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PHOTO: A 3D-printed YouTube icon is seen in front of a displayed
YouTube logo in this illustration

Thomson Reuters

By Paresh Dave

ANAHEIM, Calif. (Reuters) – Video makers with millions of
subscribers on YouTube expressed frustration at a trade show last
week that the service notifies only a portion of their followers
about new posts, causing declines in viewership and their
revenue.

The gap between viewership and subscribers, which is akin to
followers on Twitter or page likes on Facebook, emerged as the
latest rallying point for YouTube creators gathered at Viacom
Inc’s VidCon, an annual online video industry annual gathering.

YouTube, which is part of Alphabet Inc’s Google, last year faced
backlash from creators whose ad revenue on the service declined
because of shifting policies. But the lack of subscriber alerts
affects many more creators.

“It’s unacceptable,” King Russell, who goes by Kingsley and has
nearly 3 million YouTube subscribers, said of the issue during an
on-stage discussion at VidCon. “It’s tacky, rude and needs to
change.”

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His views per video have declined to about 100,000 from over a
million in the last few years.

Such drop-offs have created an opening for Facebook Inc, Snap Inc
and Amazon.com Inc to attract video makers as the companies begin
to share revenue with them, as YouTube long has.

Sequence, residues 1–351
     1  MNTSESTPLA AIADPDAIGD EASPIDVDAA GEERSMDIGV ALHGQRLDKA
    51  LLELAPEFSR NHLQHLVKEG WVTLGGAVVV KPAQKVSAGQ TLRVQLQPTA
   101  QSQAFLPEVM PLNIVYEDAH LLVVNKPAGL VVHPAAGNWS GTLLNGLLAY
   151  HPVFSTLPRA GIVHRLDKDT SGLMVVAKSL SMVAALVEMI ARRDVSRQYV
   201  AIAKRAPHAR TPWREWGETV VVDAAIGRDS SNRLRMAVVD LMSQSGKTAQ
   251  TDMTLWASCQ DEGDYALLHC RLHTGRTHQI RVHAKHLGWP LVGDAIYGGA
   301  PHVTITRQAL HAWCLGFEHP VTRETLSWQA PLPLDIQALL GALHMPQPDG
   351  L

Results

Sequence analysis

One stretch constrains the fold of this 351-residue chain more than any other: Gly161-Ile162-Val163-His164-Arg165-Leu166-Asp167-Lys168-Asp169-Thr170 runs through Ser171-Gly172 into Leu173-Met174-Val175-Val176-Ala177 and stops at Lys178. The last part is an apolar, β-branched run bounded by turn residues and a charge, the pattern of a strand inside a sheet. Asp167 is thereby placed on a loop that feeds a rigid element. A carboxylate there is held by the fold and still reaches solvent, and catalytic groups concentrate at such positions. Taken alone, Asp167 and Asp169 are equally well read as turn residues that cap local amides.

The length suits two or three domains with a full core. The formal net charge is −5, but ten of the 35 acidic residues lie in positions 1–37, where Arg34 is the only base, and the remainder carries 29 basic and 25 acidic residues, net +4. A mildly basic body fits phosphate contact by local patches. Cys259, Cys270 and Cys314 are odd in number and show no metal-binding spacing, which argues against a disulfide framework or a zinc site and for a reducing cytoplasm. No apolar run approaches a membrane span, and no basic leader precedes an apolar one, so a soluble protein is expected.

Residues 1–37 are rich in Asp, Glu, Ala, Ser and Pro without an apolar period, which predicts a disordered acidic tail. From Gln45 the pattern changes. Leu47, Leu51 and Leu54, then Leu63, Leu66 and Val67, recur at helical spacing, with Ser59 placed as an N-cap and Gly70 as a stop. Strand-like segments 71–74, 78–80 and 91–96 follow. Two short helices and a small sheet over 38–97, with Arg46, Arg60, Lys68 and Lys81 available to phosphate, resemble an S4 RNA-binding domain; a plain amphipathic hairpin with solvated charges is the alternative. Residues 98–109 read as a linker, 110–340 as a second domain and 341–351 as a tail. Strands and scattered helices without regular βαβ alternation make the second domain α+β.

YouTube executives addressed top criticisms during a session they
hosted at VidCon. They said viewers are overwhelmed by too many
alerts, and that users who subscribe to channels do so to dozens
while rarely unsubscribing.

Software decides based on viewing patterns which users should get
messages pointing out new content.

“But we can do better,” YouTube group product manager Todd
Beaupre told the audience.

Viewers can click a bell icon on creators’ profiles to get more
alerts, but YouTube has not said what percentage of subscribers
on average take this additional step.

YouTube stars acknowledged early subscribers may have lost
interest, but they find the company’s approach odd.

“It’s like you subscribe to a magazine and the mail carrier hides
the magazine under the deck: Good luck finding it,” said YouTube
comedian Mike Falzone.

YouTube encouraged subscribing about six years ago when it
noticed that viewership far outstripped subscribers, said Aditi
Rajvanshi, who worked for the company at the time and now runs a
consulting firm.

“I see the challenge, and I hear the frustration,” she told
Reuters. “YouTube hasn’t told users what subscribers mean today.”

(Reporting by Paresh Dave; Editing by Greg Mitchell and Lisa
Shumaker)

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